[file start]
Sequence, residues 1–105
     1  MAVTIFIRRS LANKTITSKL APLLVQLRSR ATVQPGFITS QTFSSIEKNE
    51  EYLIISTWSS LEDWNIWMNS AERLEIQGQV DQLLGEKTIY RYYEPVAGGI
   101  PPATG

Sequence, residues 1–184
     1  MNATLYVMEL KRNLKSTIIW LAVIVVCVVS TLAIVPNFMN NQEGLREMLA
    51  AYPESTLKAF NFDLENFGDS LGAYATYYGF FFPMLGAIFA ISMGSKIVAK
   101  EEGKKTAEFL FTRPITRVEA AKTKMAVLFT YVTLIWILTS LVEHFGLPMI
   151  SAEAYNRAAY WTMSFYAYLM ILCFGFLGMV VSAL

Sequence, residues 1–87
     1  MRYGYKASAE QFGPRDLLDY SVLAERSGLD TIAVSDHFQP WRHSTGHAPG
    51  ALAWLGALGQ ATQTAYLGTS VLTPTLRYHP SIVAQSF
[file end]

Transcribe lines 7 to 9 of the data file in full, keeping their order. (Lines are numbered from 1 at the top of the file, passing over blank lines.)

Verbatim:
    51  AYPESTLKAF NFDLENFGDS LGAYATYYGF FFPMLGAIFA ISMGSKIVAK
   101  EEGKKTAEFL FTRPITRVEA AKTKMAVLFT YVTLIWILTS LVEHFGLPMI
   151  SAEAYNRAAY WTMSFYAYLM ILCFGFLGMV VSAL